We are doing science for policy
The Joint Research Centre (JRC) is the European Commission's science and knowledge service which employs scientists to carry out research in order to provide independent scientific advice and support to EU policy.
On 20 July the Commission presented a package of measures to accelerate the transition to low-carbon emissions in all sectors of the economy in Europe.
As the global social economic model changes, the Commission is working to keep the EU competitive and move towards a modern low-carbon economy as set by the Paris Agreement on climate change. The proposals of 20 July provide clear and fair guiding principles for the Member States to prepare for the future and to keep Europe competitive. This is part of the Energy Union and a forward-looking Climate Change policy.
In 2014, the EU made a clear commitment: to collectively reduce greenhouse gas (GHG) emissions by at least 40% by 2030 compared to the 1990 levels, across all sectors of the economy. The proposals present binding annual greenhouse gas emissions targets for the Member States from 2021-2030 for the transport, buildings, agriculture, waste, land-use and forestry sectors as contributors to EU climate action (see Fact sheet MEMO/16/2499 and Fact sheet MEMO/16/2496). The new framework is based on the principles of fairness, solidarity, cost-effectiveness and environmental integrity. All Member States are concerned as they will be in the forefront in deciding how to implement the measures to meet the agreed 2030 target. The Commission is also presenting a strategy on low-emission mobility setting the basis for EU-wide measures on low and zero-emission vehicles and alternative low-emission fuels (see Fact sheet MEMO/16/2497).
The JRC has substantially contributed to two of the items in the package: the legislative proposal on integrating land use and forestry into the EU 2030 Climate and Energy Framework and to the European Strategy for low-emission mobility. JRC analyses have also informed critical aspects of the associated impact assessment and the staff working document.
The JRC developed the methodology for setting the forest reference levels, i.e. country-specific baselines that will be used for quantifying the greenhouse gas emissions removed from the atmosphere through forest management. On this, the JRC has worked very closely with the Directorate-General for Climate Action and other Commission services and stakeholders to ensure that the methodology is scientifically robust and yet sufficiently flexible to accommodate different national circumstances.
The JRC also conducted a number of analyses supporting the legislative proposal, in particular on the methodological feasibility and the mitigation potential of various policy options and technologies in the land use and forestry sector.
Two JRC reports now available present the analyses that underpin this work: the JRC report on land use, land use change and forestry (LULUCF) contribution to the 2030 EU climate and energy policy sets out detailed projections at Member State level for forest land, cropland and grassland and presents country factsheets summarising the latest information on historical country data and projections submitted to the United Nations Framework Convention on Climate Change (UNFCCC) and under EU Decision 529/2013. A second study, the JRC's economic assessment of EU agricultural GHG mitigation policies, highlights production effects and costs.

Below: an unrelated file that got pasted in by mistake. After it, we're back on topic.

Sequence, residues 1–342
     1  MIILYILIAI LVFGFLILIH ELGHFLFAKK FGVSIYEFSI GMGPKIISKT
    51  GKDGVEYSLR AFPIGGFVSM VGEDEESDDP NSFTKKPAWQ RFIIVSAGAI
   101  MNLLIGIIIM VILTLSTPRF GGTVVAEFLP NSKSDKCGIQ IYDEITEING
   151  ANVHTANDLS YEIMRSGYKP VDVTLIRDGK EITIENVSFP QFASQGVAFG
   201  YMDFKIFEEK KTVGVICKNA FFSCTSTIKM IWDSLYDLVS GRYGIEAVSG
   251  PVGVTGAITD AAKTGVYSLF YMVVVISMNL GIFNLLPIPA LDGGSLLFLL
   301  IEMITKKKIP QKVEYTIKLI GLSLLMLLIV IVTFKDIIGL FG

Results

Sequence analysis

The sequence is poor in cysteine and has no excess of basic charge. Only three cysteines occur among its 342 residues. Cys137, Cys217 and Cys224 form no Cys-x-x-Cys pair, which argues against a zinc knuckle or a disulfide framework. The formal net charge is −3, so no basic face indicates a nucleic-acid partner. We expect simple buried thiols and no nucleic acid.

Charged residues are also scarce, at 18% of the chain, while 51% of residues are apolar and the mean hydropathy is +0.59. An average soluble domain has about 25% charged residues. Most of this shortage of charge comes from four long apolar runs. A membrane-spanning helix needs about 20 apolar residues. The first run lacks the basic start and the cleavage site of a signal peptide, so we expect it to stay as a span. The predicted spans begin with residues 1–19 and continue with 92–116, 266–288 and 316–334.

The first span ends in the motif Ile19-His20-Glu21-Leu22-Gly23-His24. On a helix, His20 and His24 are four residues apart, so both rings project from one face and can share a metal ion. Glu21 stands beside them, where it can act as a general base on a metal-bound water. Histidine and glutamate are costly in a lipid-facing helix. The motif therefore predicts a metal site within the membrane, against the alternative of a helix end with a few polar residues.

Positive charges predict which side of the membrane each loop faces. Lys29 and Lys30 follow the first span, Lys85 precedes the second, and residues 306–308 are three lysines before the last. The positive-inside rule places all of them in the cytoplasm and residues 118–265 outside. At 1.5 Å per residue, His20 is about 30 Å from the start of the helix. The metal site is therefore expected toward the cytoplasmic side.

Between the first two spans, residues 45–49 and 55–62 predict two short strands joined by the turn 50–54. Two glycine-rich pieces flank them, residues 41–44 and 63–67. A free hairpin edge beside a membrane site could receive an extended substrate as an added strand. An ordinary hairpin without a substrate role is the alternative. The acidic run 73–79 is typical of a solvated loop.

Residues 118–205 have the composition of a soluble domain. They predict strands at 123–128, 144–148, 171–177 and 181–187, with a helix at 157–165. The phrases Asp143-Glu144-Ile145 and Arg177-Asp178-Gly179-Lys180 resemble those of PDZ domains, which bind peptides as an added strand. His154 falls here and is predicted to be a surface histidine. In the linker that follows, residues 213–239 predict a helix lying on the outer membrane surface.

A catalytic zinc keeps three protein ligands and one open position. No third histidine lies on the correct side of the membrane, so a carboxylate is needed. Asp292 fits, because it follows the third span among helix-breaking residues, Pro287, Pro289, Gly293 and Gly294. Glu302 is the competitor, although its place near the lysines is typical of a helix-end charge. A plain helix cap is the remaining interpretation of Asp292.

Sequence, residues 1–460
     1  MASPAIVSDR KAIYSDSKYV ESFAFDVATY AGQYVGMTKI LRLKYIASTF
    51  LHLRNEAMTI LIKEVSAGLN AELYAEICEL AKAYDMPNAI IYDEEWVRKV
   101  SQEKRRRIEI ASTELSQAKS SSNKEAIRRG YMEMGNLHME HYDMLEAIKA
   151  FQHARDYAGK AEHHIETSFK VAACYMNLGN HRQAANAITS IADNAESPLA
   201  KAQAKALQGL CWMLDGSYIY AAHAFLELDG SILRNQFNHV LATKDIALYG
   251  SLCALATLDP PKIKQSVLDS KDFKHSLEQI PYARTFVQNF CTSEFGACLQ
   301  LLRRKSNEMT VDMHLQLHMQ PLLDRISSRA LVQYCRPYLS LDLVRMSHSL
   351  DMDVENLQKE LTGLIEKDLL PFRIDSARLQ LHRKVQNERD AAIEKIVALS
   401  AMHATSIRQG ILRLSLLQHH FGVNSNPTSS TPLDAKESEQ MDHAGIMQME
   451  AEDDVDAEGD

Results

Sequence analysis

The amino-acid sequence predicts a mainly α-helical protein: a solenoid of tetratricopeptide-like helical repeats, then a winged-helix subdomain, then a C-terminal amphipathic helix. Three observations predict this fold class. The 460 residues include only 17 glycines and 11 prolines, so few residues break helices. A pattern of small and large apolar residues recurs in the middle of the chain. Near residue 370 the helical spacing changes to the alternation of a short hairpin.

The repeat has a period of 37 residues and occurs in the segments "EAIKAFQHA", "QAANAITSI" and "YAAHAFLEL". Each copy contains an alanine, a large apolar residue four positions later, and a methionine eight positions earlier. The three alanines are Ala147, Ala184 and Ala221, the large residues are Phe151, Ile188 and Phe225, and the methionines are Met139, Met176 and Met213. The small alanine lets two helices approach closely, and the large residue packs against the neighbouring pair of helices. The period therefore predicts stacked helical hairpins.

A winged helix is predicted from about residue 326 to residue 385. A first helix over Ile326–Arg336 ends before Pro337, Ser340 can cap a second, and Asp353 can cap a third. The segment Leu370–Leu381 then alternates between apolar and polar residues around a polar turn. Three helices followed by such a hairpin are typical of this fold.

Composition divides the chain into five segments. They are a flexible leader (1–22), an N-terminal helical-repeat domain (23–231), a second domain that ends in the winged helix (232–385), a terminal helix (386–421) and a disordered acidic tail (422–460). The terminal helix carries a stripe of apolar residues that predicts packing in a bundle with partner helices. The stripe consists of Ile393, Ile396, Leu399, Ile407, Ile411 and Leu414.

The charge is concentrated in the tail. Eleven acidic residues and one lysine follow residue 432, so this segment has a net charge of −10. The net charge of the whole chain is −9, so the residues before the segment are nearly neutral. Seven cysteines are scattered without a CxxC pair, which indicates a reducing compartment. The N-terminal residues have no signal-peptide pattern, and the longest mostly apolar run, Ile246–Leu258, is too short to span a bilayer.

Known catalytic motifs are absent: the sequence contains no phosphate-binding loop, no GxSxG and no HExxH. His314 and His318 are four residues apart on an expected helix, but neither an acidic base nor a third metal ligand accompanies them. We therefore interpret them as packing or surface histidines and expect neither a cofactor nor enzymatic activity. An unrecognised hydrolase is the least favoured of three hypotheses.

The JRC has contributed to the package by developing a set of scenarios for assessing the impact of different road transport CO2 emission policies. The scenario calculation was carried out with the JRC's newly developed fleet impact model DIONE, used for developing projections on the evolution of the vehicle mix, activity, energy consumption and emissions up to 2050. The JRC has also been contributing to the definition of the new post-2020 CO2 targets and has carried out an extensive study (soon to be published) on the elements affecting the difference between vehicle CO2 emissions and fuel consumption measured during laboratory tests and under real driving conditions.
The Strategy for low-emissions mobility outlines also a number of legislative developments and proposed measures in which the JRC tools and expertise will be used. The vehicle energy consumption calculation tool (VECTO), developed by the Directorate-General for Climate Change, the JRC and stakeholders, will be fundamental in the measures for reduction of CO2 emissions from lorries, trucks and shuttles, while providing significant support, together with the JRC expertise and tests, in the analytical work for the development of standards for CO2 emissions from heavy-duty vehicles. Moreover, in the area of Digital Mobility, one of the main actions is a Master Plan for the deployment of cooperative Intelligence Transport Systems (ITS) application, for which the JRC is contributing significantly from the (cyber)security and privacy perspectives, in the context of the Cooperative ITS (C-ITS) platform for collaboration with the Member States.
Several JRC studies are referenced in the staff working document associated with the Communication, in relation, for example, to urban mobility and smart cities, where the JRC quantified the effects of sustainable urban mobility plans; renewable fuels in transport, with the analysis of electric vehicles in the EU from 2010 to 2014; and vehicle efficiency.